1. Lung & bronchus - 72,500 male deaths in 2019
Lung and bronchial cancer causes more deaths in the United States than any other type of cancer in both men and women. Although survival rates have increased over the years, thanks to improved treatments, the outlook is still bleak. The one-year survival rate for lung cancer is around 50 percent, yet the five-year survival rate is only 16 percent.

Men can reduce their risk of lung and bronchial cancer by avoiding the use of tobacco products.

2. Prostate - 33,330 male deaths in 2019
Prostate is the second-leading cause of cancer-related death in men, and an estimated 1 in 6 men in the United States will be diagnosed during their lifetime. Survival rates are directly associated with early detection, so men are advised to get screened every year. Males who are diagnosed early have a 98 percent survival rate.

3. Colon & rectum - 28,630 male deaths in 2019
The third most common cancer in men and women, colon and rectal cancer cases begin as clumps of benign cells, called polyps. Over time, these cells become cancerous. Screening is recommended for men over the age of 50, earlier if the patient is at an increased risk of development, to detect the polyps before they become cancerous.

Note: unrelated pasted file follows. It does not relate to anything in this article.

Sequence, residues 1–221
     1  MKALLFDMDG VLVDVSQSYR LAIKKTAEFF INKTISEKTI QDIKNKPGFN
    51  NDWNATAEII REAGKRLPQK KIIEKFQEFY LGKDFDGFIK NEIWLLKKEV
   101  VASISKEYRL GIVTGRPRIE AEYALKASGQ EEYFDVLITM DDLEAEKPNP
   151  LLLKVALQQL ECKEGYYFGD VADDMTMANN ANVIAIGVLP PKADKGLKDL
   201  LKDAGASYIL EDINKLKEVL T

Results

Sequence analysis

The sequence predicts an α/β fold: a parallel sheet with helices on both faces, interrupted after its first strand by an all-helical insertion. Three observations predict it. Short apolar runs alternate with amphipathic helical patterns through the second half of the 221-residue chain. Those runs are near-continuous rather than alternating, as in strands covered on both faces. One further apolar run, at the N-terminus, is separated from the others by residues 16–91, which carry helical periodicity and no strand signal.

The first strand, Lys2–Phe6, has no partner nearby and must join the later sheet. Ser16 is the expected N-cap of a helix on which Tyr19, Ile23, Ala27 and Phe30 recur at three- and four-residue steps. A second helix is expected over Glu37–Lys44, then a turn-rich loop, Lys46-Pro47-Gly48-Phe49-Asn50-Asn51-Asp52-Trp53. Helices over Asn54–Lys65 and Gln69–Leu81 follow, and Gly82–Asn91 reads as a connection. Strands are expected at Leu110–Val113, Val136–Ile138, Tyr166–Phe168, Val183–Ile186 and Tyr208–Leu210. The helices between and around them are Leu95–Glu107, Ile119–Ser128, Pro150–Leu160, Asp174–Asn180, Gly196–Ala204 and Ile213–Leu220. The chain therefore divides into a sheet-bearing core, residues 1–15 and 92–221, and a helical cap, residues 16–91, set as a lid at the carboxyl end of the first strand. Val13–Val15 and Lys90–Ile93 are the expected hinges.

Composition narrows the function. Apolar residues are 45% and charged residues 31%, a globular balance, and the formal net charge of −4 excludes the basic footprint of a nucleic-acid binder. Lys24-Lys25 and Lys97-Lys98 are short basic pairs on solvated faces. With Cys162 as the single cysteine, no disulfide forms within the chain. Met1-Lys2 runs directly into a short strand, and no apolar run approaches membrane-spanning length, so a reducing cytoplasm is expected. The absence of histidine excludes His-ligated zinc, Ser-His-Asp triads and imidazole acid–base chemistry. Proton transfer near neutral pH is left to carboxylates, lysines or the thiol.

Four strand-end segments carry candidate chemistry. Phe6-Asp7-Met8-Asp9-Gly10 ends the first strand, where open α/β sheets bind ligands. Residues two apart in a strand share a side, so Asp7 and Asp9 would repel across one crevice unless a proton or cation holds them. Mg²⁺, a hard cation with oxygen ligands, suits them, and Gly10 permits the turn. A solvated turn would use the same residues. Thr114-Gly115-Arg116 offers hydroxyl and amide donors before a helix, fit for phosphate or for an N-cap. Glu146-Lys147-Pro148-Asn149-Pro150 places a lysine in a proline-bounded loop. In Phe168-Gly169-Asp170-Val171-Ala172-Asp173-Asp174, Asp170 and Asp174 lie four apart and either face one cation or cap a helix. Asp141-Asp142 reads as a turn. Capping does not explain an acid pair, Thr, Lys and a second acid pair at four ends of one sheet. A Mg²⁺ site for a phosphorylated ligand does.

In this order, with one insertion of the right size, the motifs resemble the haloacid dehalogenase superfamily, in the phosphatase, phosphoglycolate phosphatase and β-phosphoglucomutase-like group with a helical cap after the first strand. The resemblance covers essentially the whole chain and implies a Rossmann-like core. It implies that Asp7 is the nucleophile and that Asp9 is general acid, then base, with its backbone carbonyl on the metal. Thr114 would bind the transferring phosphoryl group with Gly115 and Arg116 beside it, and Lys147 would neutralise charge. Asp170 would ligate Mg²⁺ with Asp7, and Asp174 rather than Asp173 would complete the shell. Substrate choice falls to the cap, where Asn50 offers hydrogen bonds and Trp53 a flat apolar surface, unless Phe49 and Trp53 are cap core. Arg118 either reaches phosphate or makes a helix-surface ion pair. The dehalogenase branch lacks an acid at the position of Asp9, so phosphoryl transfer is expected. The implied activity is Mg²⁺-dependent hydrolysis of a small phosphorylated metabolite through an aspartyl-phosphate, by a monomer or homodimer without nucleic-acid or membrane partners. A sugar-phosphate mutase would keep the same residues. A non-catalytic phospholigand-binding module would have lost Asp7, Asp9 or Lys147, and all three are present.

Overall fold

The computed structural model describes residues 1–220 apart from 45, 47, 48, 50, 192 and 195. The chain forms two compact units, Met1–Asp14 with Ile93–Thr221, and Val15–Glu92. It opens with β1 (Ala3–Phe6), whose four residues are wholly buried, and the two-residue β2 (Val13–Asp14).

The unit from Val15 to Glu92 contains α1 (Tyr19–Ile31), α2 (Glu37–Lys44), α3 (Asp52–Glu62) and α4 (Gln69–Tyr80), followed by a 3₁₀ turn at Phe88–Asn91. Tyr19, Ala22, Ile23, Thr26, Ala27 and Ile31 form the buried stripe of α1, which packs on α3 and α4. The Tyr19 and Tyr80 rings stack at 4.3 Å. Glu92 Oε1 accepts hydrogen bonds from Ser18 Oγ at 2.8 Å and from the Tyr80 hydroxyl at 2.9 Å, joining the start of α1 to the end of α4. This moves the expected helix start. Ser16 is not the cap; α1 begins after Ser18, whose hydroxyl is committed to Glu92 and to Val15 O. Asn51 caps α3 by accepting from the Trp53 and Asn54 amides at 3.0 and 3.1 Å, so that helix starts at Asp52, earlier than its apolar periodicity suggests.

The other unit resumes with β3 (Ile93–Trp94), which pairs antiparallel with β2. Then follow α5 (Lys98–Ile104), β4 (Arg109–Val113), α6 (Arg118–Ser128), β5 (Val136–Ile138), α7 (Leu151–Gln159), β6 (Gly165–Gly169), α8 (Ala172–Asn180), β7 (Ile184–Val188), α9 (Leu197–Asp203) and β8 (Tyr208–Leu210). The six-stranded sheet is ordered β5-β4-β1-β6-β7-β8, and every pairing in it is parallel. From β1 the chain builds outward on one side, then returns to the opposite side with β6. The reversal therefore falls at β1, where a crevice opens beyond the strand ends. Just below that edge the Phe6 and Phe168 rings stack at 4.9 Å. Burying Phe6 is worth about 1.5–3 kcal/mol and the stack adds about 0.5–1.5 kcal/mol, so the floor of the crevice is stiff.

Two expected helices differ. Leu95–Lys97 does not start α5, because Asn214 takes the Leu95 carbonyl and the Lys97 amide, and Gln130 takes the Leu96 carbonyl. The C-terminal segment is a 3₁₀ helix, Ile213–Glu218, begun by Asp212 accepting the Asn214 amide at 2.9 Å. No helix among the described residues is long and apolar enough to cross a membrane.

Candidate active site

4. Pancreas - 24,640 male deaths in 2019
Because pancreatic cancer progresses rapidly, and no method of early detection has been discovered, it is one of the most dangerous types of cancer. The one-year survival rate is 25 percent, and the five-year survival rate sits at only 6 percent.

While the cause of pancreatic cancer is still not well understood, obesity and tobacco use are known to increase the risk.

5. Liver & intrahepatic bile duct - 20,020 male deaths in 2019
Liver cancer occurs more often in men than women and most commonly affects those with liver damage caused by alcohol abuse, birth defects or chronic infection associated with diseases, such as hepatitis C or cirrhosis. Liver cancer is dangerous because it does not cause symptoms until it is in later stages, and early detection is difficult.

Five Most Dangerous Cancers in Females

1. Lung & bronchus - 63,220 female deaths in 2019
As with men, lung and bronchial cancer is the leading cause of cancerous deaths in women. The rate of female deaths associated with lung cancer increased steadily for decades, in conjunction with the increasing number of women who smoked, and only recently leveled off in 2003.

Women can also reduce their risk of lung and bronchial cancer by avoiding the use of tobacco products.

2. Breast - 42,170 female deaths in 2019